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Is Your Hot Hand Real or Just a Fallacy?

May 1, 2014

gamblers-fallacy-300414Real or fallacy?

Researchers have discovered results that support both sides about the hot hand, however it generally depends on the circumstance and point of view.

There are a number of people that maintain certain gambling beliefs. Whether they believe that they were born under Halley’s Comet, or that their luck can never run out, after a while they are often found to be wrong.

“Gambler’s Fallacy” is the belief that a losing streak will eventually turn around and make a profit for the player, however that is often regarded as an erroneous judgment.

However, there is another theory that involves the delusion of repetitive winning. The assumption is that if a player has been winning, he is more likely to keep on winning while on the hot streak. It is commonly referred to as the “Hot Hand Fallacy.”

Real deal system

Numerous studies involving the research of the hot hand have failed to discover any significant result, as to whether the system really works.

Extensive research pertaining to a mobile casino, shows that the probability of winning after an initial win is almost always close to 50%, plus or minus a few percentages.

• Sportsmen sometimes rely on hot hands

• Fallacy found in some gambling practices

• The realism of the belief depends on several factors

After the first win, the chances of winning stood at 49%, while winning third time in a row saw considerable increase in the probability. The results showed that a third win in a row has a 57% chance of winning.

What is most remarkable is that odds increased to 67% for a fourth consecutive win. The fifth and six straight win in a streak had odds of 72% and 75% respectively. While the seventh bet subsides drastically, as there was a mere increase of 1% from the previous bet.

The hot hand fallacy can be attributed to any field of play, whether that be a casino or a sport. Many people witness sports teams go on winning runs for great lengths at a time.

This propels people to believe that if they have placed wagers on the previous game and won, then they should continue doing do for the following game as well, therefore putting the hot hand belief in effect.

Just a Fallacy

The hot hand may boost one’s confidence in winning, as he is under the impression that he cannot lose while on a roll. However, it does not guarantee success. It is merely an idea, a theory.

For instance in basketball, commentators will say that a player is “on fire” once he has scored several shots in a row, and they expect this trend to continue. The notion that once a player scores even one shot, he is more likely score another one right after.

When it comes to sports in general, athletes derive much of their good game performance from their sky high confidence. In one game, a basketball player may score almost every shot he takes, but then he might get in a slump after, from which he cannot get out of.

Card games on the other hand have more to do with calculations, rather than the outcome depending on one’s personality traits and their level of confidence. Blackjack strategies involve making the right call on the card given to a gambler, as confidence will not affect his potential win.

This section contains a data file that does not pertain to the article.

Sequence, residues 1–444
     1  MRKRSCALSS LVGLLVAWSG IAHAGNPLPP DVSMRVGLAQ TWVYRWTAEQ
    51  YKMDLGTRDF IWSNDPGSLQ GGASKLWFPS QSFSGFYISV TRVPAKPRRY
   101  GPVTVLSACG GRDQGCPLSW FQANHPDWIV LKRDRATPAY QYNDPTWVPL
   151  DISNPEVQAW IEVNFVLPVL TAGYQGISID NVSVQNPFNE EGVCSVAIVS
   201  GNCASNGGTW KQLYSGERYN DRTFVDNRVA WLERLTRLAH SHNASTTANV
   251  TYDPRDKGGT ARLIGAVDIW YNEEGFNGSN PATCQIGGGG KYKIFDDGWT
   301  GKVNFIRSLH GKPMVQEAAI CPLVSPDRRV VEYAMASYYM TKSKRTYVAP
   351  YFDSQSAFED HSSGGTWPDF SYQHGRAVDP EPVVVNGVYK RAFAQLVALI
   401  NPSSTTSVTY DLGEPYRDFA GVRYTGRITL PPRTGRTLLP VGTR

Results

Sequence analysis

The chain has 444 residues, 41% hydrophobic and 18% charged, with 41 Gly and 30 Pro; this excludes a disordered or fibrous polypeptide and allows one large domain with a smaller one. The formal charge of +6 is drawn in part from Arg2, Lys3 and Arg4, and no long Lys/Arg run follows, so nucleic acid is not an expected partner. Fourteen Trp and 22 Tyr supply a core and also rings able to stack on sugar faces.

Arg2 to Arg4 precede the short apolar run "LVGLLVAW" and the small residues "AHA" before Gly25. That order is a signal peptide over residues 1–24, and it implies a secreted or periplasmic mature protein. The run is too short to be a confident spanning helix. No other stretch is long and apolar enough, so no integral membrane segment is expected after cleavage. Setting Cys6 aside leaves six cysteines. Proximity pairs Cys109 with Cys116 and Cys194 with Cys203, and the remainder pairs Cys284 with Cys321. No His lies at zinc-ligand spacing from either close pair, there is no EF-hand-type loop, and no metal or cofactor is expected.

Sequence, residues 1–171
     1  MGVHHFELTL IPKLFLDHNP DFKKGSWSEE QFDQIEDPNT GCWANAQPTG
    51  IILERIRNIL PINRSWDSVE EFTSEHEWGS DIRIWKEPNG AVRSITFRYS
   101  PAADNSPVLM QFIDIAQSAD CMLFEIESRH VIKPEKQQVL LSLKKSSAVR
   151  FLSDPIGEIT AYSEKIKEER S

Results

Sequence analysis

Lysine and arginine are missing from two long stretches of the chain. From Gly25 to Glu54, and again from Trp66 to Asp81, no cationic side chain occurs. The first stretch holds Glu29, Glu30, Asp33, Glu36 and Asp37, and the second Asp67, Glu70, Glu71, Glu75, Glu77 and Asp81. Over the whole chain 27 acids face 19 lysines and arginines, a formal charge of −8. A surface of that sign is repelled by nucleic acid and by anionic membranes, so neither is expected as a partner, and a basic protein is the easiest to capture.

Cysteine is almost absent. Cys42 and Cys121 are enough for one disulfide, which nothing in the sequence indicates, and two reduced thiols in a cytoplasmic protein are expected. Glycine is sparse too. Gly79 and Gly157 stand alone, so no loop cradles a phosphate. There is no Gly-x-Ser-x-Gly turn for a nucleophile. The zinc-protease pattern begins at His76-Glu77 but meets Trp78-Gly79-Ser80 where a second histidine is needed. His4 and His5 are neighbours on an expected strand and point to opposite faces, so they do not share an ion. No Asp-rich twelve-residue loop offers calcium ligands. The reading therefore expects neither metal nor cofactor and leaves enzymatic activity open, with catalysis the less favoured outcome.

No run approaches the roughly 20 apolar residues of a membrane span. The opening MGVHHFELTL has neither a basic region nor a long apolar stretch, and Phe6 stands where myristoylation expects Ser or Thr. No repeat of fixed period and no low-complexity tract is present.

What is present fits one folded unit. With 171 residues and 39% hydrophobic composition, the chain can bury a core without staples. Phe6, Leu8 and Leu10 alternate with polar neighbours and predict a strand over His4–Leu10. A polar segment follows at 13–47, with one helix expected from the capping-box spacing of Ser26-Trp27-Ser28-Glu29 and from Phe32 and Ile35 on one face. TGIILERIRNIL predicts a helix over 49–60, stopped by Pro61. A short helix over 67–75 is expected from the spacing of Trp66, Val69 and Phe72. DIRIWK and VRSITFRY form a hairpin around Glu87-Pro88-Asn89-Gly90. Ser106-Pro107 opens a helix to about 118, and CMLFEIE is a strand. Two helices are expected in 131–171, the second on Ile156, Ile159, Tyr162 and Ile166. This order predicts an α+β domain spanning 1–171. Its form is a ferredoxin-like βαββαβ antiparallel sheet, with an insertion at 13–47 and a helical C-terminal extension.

Therefore, one can conclude that betting and gambling is rather concerned with luck, while athletes and sportsmen rely on their faith in their abilities.

Gambler’s fallacy more common than hot hand in casino games

Players that are regulars at casinos, generally believe in the gambler’s fallacy. They are assured that their luck will turn, and fortunes will reverse in the positive direction. The hot hand emerges as a consequence of the reversal.

Comprehensive research shows that gamblers that bet on consecutive losses experience much less chances of winning the following hands. Starting from the initial loss, the odds of winning the next subsided gradually.

The study found that following six consecutive losses, the chances of winning the next hand stands at a meagre 23%. The main reason why bettors chose to continue betting while on a losing streak, is because they are convinced their luck will turn any minute.

Additionally, some gamblers’ casino strategy can be considered quite flawed. They tend to pick bets that have substantially worse odds, mainly due to their belief that they’re long awaited win is about to happen. And once the win happens, it is highly expected that they adopt the hot hand philosophy.

Researchers and scientists alike believe that the hot hand comes from the gambler’s fallacy. According to them, a gambler traditionally believes that he will experience a minor loss, before the onset of the winning form.

A gambler can then take solace in the fact that he can rely on the respective belief in certain cases, while at other times he will not be able to utilize the same philosophy.

There are apparent contradictions in the findings of this belief, as it both works and does not. Generally, one could argue that it merely depends on the circumstances.

Finance professor at Stanford University Graduate School of Business, Jeffrey Zwiebel, explains just why the fallacy may be real, at specific moments.

“Think of all the clichés that managers give for why they’re playing one guy today. It’s always, ‘He’s swinging the bat well.’ And we hear exactly the opposite, too. ‘I’m going to sit him down for a few days. He’s not swinging the bat well.’” The findings suggest that such notions might actually mean something. “These things really do matter.”


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